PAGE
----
Re: Telephoto Picture & Technical Analysis
- From: Chris Malcolm <cam@xxxxxxxxxxxxxxxxx>
- Date: 11 May 2009 11:22:03 GMT
Hughes <eugenhughes@xxxxxxxxx> wrote:
Here is a photo I shot with the 1000mm telephoto with webcam.
Target (scanned) is located 3.8 meters from telephoto/webcam (note:
photo taken is middle portion of brochure with the girl's neck joining
the boy with yellow shirt)
here is scanned image with zoomed portion of image
1. In the picture there is rectangular pattern taken with telephoto/
webcam, what is it? Printing artifact of the brochure?
It's a standard colour printing method easily googled, easily
investigated with a good magnifying glass.
2. How come I can see vertical lines moving upward in the webcam
preview in the monitor? Noise or because image is dim??
You can best answer that question by your own experiments.
3. Using MACRO photography, what specs so you can see the same
rectangular printing pattern in the picture of color brochure taken?
Obviously you need a combination of distance and angular resolving
power which can resolve them. Since you've posted pages of
calculations already in this thread on the topics of focal length,
angular resolution, etc., I can't understand why you can't easily
answer this question for yourself. It's simple optical trigonometry
based on all that stuff about circles of confusion and airy disks
you've posted so much about. And now you have the kit you don't need
to make assumptions, you can make your own measurements of the actual
resolving power you've got and easily calculate how much closer you
need to get it to the object to see what you want.
Did you not understand all those calculations you posted?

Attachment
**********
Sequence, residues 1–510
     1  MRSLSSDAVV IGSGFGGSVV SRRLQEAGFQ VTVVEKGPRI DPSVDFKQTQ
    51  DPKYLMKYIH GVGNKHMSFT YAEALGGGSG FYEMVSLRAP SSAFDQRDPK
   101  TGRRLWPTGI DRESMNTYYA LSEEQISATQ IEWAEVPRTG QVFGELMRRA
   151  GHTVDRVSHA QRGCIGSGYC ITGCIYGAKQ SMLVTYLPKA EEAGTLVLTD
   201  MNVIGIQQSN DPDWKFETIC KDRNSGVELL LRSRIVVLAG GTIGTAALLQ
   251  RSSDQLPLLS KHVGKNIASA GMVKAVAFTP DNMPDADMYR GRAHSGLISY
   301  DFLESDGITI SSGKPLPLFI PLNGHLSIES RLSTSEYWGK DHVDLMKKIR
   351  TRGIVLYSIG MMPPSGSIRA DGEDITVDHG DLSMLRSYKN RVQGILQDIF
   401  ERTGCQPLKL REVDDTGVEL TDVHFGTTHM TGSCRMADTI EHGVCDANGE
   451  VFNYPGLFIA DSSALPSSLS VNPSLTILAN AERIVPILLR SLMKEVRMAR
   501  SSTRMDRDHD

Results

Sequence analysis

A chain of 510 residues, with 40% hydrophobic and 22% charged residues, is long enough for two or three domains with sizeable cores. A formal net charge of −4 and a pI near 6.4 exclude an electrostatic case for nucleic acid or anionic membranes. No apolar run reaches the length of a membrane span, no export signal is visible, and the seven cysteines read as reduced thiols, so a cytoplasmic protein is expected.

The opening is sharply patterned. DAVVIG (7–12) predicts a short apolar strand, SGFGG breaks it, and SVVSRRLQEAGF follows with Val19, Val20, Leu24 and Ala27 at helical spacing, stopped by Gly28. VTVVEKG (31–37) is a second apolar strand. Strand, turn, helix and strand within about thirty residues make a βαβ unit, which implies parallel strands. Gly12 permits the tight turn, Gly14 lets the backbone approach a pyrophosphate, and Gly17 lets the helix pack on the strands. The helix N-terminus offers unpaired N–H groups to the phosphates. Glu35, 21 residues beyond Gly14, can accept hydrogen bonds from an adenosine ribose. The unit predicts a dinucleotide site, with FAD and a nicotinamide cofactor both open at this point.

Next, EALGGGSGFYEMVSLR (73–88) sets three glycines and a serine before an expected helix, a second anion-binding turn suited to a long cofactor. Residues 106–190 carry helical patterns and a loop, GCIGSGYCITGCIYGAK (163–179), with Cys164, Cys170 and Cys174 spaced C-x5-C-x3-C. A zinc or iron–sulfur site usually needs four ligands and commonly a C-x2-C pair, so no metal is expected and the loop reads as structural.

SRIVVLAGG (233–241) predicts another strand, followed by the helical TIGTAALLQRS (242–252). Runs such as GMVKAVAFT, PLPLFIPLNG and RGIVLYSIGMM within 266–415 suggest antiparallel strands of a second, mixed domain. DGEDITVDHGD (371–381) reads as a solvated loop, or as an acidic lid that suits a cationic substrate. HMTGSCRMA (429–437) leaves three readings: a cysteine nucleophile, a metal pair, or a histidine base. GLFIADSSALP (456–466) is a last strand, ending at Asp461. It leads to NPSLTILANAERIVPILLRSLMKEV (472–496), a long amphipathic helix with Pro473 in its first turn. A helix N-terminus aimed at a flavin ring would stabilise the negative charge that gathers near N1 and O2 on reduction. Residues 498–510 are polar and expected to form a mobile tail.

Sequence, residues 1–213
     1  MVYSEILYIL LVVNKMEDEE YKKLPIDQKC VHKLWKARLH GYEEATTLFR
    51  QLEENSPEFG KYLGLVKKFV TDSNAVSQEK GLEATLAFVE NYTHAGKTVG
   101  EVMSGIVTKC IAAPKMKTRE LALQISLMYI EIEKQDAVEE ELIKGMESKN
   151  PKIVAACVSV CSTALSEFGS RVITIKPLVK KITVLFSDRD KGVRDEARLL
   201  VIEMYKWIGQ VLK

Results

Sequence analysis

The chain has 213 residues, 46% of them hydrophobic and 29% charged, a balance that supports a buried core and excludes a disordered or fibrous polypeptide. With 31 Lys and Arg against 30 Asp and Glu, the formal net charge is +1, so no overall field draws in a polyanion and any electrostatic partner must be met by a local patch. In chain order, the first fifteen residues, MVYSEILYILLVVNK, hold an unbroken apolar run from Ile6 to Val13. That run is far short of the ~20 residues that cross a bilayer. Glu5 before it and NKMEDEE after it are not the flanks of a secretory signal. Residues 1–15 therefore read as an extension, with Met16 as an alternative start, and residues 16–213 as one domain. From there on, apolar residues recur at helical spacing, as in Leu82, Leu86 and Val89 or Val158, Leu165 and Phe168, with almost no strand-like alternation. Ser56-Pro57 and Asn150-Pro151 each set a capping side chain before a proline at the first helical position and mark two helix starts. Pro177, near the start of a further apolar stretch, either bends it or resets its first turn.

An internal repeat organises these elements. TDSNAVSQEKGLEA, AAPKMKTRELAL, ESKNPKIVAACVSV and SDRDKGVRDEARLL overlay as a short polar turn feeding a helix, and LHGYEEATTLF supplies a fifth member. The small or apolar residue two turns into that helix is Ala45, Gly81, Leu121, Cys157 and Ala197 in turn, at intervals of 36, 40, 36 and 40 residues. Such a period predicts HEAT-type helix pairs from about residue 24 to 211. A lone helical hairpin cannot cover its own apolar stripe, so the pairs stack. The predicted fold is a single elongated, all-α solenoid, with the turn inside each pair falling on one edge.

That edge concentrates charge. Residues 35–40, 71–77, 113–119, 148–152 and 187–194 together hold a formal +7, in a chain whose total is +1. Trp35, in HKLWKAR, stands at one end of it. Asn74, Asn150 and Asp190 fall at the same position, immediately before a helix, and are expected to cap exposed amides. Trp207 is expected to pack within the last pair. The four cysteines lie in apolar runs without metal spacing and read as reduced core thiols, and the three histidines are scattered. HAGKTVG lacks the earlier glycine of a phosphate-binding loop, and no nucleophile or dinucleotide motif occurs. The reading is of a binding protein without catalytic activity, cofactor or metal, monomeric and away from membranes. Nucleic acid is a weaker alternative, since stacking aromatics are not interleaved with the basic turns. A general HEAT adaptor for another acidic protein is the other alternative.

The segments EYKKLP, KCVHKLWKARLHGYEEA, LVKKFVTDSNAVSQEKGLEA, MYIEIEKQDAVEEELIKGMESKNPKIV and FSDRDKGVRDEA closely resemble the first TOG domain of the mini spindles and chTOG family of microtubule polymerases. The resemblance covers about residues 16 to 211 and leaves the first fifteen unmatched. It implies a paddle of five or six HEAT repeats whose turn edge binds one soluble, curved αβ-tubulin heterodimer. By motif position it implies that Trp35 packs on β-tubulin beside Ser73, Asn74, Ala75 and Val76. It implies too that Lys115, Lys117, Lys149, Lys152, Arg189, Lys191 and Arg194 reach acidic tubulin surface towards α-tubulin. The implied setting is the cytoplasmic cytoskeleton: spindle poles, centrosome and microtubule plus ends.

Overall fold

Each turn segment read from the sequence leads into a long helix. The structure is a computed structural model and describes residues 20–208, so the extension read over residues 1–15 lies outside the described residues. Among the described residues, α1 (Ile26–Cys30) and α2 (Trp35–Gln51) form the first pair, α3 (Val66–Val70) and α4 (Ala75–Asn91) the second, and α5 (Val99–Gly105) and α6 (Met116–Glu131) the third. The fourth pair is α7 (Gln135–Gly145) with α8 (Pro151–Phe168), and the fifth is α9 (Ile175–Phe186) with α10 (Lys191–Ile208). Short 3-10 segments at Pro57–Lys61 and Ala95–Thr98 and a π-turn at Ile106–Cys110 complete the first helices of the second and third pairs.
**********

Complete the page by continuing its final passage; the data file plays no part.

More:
4. Using a DSLR, what would be the improvement in resolution and
colors provided dslr and webcam has same pixel pitch?
Could be lots or none. Depends on the details of the DSLR and webcam
sensors and how used. Far too vague a question.
5. To be noise resistance, does the pixel (or sensel) have to be
at least 4.7 micron? How about 2 micron pixel pitch like in digicam.
Noise isn't something that's either present or absent, it's a
measurable quantity expressed in various numerical ways. You've
already recommended to us some sites which explain the various kinds
of sensor noise very well.
You now have the lens and camera. Try answering some of your questions
by setting up your own experiments. When the photographs you post have
more bearing on the questions you ask and vice versa you're likely to
get more informative responses.
- Prev by Date: Re: Scenic areas in England
- Next by Date: Re: How can I improve my shoots?
- Previous by thread: Re: Telephoto Picture & Technical Analysis
- Next by thread: Re: It Starts from the Beginning